The past weeks have been pretty incredible. I’ve been to UVa and Georgetown, and tonight as I write this I am getting ready to go to Chicago for a brief rehearsal for some choreography, New York for a symposium and film screening, Boston for a lecture-performance and design project. That’s a lot of travel.
My greatest fear when on the move is that my chair will be damaged. Many of you will know from bitter personal experience how frequently damage occurs and how hard it can be to get things fixed. Plus, there’s the moment of horror when you realize that you are now stuck with at best half functional equipment and at worst entirely non-functional equipment. I’ve been lucky over the years (writing this will now jinx me forever). I’ve had several broken wheels and only one frame replacement. And while I have always been able to perform, there have been several occasions when I have arrived, the frame has arrived and the wheels have not. [!!]
Life on the road is beautiful, serious fun, difficult work and, at times, incredibly lonely. Whenever I call him, my father asks if I am in a taxi in New York on the way to a rehearsal. I usually say yes. He responds with a semi-jokey whine; I *only* ever call him when I am in a taxi, in New York, on the way to rehearsal. There are some very practical reasons for that. His schedule and mine rarely overlap when I am in California, and the gap is exacerbated by the eight hour time difference. New York is five hours behind; I am more likely to get a good overlap.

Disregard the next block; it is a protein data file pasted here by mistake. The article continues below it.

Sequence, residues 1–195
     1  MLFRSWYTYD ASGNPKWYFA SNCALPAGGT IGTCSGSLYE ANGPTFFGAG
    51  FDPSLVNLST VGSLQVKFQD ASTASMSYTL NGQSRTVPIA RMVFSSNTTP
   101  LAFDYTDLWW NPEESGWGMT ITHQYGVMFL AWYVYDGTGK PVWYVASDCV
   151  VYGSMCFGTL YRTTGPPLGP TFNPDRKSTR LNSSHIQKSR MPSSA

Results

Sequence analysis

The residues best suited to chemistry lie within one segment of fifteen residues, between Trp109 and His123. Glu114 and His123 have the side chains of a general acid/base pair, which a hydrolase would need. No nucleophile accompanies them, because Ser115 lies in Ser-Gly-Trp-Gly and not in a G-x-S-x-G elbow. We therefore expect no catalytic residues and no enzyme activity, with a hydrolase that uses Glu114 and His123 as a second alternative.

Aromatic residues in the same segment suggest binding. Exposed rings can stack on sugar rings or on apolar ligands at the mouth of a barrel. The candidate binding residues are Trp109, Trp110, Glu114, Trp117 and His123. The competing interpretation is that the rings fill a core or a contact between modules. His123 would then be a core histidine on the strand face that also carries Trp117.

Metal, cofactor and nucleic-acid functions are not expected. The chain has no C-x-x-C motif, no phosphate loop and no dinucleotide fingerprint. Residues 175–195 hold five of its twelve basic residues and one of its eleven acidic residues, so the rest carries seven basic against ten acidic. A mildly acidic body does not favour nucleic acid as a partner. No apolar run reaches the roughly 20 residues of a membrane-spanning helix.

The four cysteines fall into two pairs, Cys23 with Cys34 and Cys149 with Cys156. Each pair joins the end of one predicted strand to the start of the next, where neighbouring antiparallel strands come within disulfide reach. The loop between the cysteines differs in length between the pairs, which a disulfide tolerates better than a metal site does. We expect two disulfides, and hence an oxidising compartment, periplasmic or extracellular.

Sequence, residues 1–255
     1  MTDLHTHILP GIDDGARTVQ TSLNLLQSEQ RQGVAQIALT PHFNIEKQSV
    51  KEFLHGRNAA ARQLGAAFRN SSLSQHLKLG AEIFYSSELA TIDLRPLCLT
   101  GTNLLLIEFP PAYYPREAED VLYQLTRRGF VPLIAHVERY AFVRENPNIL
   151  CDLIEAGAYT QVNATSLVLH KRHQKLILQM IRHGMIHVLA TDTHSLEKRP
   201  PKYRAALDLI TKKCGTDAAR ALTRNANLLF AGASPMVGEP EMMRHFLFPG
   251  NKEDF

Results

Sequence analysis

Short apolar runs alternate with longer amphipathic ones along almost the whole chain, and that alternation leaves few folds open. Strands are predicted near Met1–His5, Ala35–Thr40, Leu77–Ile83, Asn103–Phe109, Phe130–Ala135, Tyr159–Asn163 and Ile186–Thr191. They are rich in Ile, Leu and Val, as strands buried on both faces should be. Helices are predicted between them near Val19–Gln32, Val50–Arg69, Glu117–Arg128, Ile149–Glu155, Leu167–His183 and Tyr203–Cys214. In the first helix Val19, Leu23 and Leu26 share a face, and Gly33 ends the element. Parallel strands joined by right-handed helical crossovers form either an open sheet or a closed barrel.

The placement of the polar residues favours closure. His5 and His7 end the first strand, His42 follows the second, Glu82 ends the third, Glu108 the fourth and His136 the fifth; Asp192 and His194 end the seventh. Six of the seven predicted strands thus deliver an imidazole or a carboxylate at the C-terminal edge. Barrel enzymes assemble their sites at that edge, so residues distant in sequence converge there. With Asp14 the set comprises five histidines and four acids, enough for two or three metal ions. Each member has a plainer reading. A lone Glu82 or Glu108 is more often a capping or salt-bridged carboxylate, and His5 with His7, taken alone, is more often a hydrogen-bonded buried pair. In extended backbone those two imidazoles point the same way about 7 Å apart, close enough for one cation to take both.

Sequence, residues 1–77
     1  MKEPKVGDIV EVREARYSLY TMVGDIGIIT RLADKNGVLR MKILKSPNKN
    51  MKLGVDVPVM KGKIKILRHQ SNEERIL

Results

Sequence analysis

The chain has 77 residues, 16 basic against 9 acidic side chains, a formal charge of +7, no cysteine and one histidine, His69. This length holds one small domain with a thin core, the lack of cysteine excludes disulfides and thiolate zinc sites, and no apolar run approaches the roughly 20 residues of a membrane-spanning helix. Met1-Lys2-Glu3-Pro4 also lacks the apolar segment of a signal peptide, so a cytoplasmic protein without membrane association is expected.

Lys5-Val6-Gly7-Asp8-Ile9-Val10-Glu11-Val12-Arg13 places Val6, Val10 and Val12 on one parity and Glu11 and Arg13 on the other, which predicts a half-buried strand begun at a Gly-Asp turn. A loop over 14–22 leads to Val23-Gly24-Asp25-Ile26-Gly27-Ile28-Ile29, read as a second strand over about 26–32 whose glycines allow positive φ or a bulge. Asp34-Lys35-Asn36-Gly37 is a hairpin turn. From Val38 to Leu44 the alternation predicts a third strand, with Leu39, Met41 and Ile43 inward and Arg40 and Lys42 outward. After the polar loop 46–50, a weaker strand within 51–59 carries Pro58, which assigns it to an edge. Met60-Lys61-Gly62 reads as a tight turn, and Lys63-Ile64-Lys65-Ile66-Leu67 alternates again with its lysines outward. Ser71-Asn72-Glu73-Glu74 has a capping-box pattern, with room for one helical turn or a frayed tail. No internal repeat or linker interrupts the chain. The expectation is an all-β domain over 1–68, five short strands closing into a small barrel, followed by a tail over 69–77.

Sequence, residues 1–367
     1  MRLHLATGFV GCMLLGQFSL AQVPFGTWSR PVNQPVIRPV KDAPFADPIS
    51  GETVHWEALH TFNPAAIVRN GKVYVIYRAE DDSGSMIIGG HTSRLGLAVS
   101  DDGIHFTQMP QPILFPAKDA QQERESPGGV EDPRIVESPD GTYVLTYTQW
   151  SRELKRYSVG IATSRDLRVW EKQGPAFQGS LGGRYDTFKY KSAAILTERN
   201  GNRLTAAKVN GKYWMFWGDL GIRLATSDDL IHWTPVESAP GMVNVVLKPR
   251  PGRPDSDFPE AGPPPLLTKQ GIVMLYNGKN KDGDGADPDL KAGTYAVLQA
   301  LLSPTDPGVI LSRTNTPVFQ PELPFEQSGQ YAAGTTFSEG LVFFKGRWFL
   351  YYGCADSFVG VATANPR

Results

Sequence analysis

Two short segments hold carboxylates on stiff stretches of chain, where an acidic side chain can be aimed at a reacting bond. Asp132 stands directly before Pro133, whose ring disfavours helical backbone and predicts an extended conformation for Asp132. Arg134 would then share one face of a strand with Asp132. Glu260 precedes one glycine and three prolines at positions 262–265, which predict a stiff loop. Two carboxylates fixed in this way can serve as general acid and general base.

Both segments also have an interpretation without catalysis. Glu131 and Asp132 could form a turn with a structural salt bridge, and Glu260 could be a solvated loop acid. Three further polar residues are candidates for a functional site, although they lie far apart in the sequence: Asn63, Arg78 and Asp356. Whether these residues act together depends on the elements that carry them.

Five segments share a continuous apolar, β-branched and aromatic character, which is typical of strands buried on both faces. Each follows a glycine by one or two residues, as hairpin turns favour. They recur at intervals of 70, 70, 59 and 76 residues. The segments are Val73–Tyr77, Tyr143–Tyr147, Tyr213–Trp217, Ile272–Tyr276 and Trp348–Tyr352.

I’m convinced traveling is bad for your diet: too many late nights with microwaved food, too many snacks and not enough real meals, and sometimes, a schedule that means that I end up eating on the run. I frequently feel confused about where I am. Do I turn left or right coming out of my room? Is it 208 or 313? And what happens when the key for 208 works in 313? Smile. For the moment, though, it’s worth it to me because of the positives of meeting new people and performing in some incredible venues. I’m learning a lot.